Stolen sports memorabilia recovered, suspects arrested | News
TROY - Willie Mays, Ted Williams, Babe Ruth, and Mohammed Ali. Their photos, their memorabilia, and their autographs were all part of a huge cache of stolen sports collectibles retrieved this week in the city of Troy.
It all boiled to to good, old-fashioned police work and the cooperation of a downtown pawn shop owner.
More than a month ago, city detectives were able to identify a suspect in the theft of copper wire from a National Grid property. After following the suspect for weeks, police obtained a search warrant for his house at 1708 Highland Avenue -- just east of the RPI campus --where they recovered lots and lots of sports memorabilia.
Two suspects have been charged in the case, 28-year old Bobby Joe Dayton, and 28-year old William Vertefeuille, Junior.
On Friday night the evidence room in the basement of Troy Police headquarters became a temporary repository for some of the greatest treasures of American sports.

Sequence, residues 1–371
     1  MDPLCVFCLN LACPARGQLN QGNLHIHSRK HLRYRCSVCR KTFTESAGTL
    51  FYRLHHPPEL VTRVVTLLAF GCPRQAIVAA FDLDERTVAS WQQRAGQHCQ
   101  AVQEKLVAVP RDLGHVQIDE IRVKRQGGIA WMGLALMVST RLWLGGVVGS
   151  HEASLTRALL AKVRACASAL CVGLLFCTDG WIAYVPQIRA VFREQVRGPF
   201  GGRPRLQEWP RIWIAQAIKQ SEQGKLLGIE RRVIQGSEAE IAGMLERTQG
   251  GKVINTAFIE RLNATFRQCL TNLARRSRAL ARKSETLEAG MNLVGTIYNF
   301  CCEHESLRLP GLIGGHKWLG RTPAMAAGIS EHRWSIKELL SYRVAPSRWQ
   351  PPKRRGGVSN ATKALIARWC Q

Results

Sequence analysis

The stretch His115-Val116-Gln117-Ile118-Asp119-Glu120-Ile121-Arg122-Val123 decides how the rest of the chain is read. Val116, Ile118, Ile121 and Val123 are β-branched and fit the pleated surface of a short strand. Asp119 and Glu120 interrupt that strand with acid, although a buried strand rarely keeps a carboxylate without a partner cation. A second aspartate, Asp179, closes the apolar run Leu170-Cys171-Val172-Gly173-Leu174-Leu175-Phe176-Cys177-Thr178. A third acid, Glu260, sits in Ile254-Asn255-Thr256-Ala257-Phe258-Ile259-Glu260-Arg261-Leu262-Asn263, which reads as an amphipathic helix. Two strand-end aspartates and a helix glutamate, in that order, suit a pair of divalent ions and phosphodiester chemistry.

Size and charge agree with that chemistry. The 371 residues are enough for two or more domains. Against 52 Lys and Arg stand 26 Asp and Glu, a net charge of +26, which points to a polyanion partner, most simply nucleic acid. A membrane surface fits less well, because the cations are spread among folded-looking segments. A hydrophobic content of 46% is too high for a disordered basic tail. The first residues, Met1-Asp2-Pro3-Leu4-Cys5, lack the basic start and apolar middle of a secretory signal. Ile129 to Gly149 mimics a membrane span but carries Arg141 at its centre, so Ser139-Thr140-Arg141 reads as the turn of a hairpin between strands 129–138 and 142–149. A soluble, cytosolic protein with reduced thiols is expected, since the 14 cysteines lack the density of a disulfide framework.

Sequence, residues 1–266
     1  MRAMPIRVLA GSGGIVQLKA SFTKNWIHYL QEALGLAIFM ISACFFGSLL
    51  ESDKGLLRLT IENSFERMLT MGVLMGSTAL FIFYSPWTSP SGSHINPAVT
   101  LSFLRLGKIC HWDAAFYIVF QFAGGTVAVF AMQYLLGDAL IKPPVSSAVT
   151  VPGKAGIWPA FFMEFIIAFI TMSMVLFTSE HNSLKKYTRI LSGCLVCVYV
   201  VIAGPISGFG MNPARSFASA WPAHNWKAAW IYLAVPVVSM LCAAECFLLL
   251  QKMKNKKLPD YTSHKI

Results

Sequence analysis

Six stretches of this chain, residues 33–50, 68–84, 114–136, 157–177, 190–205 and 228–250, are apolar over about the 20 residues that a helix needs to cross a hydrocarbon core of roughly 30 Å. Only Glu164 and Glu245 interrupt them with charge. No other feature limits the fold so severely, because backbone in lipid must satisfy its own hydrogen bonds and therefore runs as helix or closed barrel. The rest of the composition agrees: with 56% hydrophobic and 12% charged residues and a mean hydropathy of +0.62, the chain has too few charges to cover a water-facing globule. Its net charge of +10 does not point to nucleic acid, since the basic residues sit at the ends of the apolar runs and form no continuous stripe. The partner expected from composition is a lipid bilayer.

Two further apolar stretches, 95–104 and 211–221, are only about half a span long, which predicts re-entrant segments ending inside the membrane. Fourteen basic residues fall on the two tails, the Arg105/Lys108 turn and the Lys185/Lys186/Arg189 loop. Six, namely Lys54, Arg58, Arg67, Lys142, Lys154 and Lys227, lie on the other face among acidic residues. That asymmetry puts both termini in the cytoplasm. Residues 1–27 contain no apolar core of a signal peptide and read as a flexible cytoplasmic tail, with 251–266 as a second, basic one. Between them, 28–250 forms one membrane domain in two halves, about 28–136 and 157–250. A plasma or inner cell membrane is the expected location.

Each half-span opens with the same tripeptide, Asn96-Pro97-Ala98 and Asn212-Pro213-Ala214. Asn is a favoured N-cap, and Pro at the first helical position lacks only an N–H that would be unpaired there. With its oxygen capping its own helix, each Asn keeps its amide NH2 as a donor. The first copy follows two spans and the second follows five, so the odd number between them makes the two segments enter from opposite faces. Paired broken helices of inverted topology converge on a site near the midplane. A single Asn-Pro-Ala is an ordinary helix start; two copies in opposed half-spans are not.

there was a baseball bat signed by Willie Mays, boxing gloves signed by Muhammed Ali, jerseys, action figures, autographed baseballs, and lots and lots of baseball cards including Babe Ruth, Ted Williams, Ty Cobb, and even Michael Jordan.
"Detectives recovered a considerable bounty," boasted Troy Police Captain John Cooney. "They recovered hundreds of items all genuine and all believed to be very valuable in nature."
At the Captain Cash Pawn Shop on Third Street, Kate Leary says they've been buying up many of the sports collectibles from those suspects for weeks."
"I would ask them where they got the stuff because when they first started coming in, it was very slow but they had high end collectible memorabilia, stuff that I had never seen," Leary says.
Leary says they even had a believable story, telling her the items belonged to their dead grandfather and they found it while cleaning out his basement.
The real story, according to police, is that the two men stole the items from a neighbor when he was out of town.
Both Dayton and Vertefeuille are charged with possession of stolen property. Vertefeuille faces an additional burglary charge.
Cooney credits the pawn shop for properly obtaining customer IDs from the suspects and for providing the information to police.
Kate Leary says she's out more than a thousand dollars but she says that's the cost of doing business. Stolen property, she insists, is actually rare in her shop. They buy about 300 items a day and less than 1% is hot.